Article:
“I can’t think of a single reason why she did what she did.” I can think of hundreds. “She has always been very happy with her life here.” There’s never been a day in her life with that man that she has felt genuinely happy. “Women are always complaining about nothing. Us men, we work all day, every day. And they think they have the right to claim they’re tired at the end of the day. They think we should have to help with the kids or do the dishes. It’s never enough for you women.” Mr. Armstrong considers this fact. Even if he said this to me, his words wouldn’t change one bit.
“I’m sure you are tired.” is all Mrs. Stein says. She isn’t smiling anymore, she doesn’t agree with him. The driver hollers: 24th and West Baltimore. “Ah, my stop.” She nods at Mr. Armstrong. She bites her lip when she notices me watching her and quickly looks away. Mr. Armstrong doesn’t care to watch her walk down to the grocer and tips his head back against the seat but I notice the way she recounts the money in her wallet, knowing that she hardly has enough.
For a while, it is just Mr. Armstrong and I on the trolley, waiting for the other to give up and leave. But Mr. Armstrong won’t stand up and exit, not if there’s a chance he’ll have to look at me. He’s afraid of me. He’s afraid of being proven wrong.
“Are you headed home now, Mr. Armstrong?” I ask. My stop is approaching, I have somewhere to be.
“Yeah.” His eyes are shut.
“Bet it’ll be quite the change, having the house to yourself.” I hover over him, knowing as soon as he opens his eyes, he’ll see me. I think I’ve almost got him.
“I’m looking forward to the peace and quiet.” He turns his head; eyes open only when I’m out of possible sight. He’s terrified of the quiet, ever since Mrs. Armstrong left him, he hasn’t gone home once.
We’re almost to my stop. The trolley’s starting to slow. “Patrick, look at me.”
“I can’t.” He whispers.
“You have to face me, Patrick. It’s the only way you’ll ever be able to move on.”
“I can’t! I will not—” I grab his face, turn his head. I watch the fear wash over him. It’s the fear of realizing that I know what he’s done, and maybe something far more. Maybe when he faces me, he’ll know he isn’t innocent, that he’s never getting the life back that he wasted.
“36th and Prospect.” The driver hollers back at us. I nod as I let go of Mr. Armstrong.
“Remember what I said.” I warn. I hear him gulp.
I stand up and walk to the front of the trolley. The driver glances back at Mr. Armstrong, whose hands now cover his eyes. He shakes his head, “Some people never learn.”
“I guess they don’t. No one ever wants to face me, and until then, they really can’t learn, or change or grow in any way. But for some, facing me is more frightening than being miserable.”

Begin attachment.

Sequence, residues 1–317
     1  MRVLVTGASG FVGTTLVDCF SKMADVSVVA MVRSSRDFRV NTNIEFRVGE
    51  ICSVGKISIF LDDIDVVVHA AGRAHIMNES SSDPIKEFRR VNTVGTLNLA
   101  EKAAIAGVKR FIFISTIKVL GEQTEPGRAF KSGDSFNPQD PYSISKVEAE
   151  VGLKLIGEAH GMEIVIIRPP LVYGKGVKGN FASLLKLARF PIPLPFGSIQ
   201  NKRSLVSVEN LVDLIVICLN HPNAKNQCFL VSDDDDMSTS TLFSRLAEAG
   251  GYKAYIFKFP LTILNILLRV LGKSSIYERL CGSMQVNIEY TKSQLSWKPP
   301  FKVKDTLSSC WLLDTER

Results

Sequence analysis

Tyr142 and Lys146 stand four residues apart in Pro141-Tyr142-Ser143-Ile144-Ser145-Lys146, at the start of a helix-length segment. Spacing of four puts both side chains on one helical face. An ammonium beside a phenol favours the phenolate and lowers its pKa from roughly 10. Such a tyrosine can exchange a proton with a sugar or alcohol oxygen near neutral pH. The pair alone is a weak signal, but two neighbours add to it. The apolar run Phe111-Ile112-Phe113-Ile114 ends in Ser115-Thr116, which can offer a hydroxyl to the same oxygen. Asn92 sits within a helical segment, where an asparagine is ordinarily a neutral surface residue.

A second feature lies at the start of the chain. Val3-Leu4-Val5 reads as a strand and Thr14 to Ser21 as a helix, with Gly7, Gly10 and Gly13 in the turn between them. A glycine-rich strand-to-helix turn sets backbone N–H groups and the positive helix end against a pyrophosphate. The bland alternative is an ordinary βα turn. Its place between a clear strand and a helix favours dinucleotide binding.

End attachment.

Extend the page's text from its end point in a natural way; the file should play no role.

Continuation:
“Have a nice day,” he smiles, having nothing to say on my words. They aren’t for him, anyway, he and I have spoken often and have an understanding of each other. His smile is always forced, there is pain in his eyes, and sometimes he struggles to stay kind to the people of this town, who treat him like he is beneath them. They will never know what hardships he endures off this trolley, but God knows I do. His wife is very ill, in the final stages of her disease, yet he has to work so she can stay in the hospital. He longs to be at her side. He’s afraid that she may die while he isn’t there.
I meet his eyes. His pain is close to seeping to the surface, and I wonder how much longer it’ll be before it does. “You will find peace soon,” I say, and I never lie. Hearing it come from me, I can sense the wave of relief wash over him, his family has suffered for so long.
I step off the trolley onto Prospect, watching it roll away until it’s out of sight. Mr. Armstrong is still covering his eyes. He might not move his hands until he’s forced off the trolley, miles from here. Nearby, Alice is waiting for me. “Sorry I’m late,” I stride over to the bench she is patiently seated at, “now tell me, how are you?”
Her smile is genuine; she hasn’t felt this way in decades. She doesn’t have to say, I already know.
Some days ago, she faced me for the first time in her marriage. She realized there was nothing more she could do to make things work between herself and a man who did not care for her. She admitted everything to me, and by telling me she understood that none of it was her fault and didn’t feel guilty for doing what had to be done.
Alice gathers her bags from beside her as she stands, smile turning into a beam. She doesn’t have much, but it’s enough to get her by for now. “Thank you. For everything.”
“No need to thank me. Your strength came from within. Telling me only helped you realize that,” I point out. “Now go on, you’re going to miss your train.”
“You’re right.” She checks her watch, surprised at how fast time seems to be going recently. I watch her hurry towards her train, board, and speed away on Opportunity.
It is quiet on Prospect today. It gives me time to think. About Alice, Mrs. Stein, Mrs. Russo, the trolley driver Mr. Miller, the men headed to the bar, even Mr. Armstrong. Many of them live lies to hide from me. It is easier to pretend that their lives are better than they really are; to put up a facade is all some of them have ever known. But on most of their current paths, they will never know real happiness, they will never be free from the lies they’ve buried themselves in, that they’ve convinced everyone but themselves is reality. All they have to do to redeem themselves is tell me. It seems quite simple, doesn’t it?
But no one wants to tell the Truth.
Julianna Vaughan is a junior at Shippensburg University with a passion for writing fictional short stories. She is working toward achieving a Bachelor of Arts in English with a concentration in writing. Her plans for the future are simply to see where life takes her.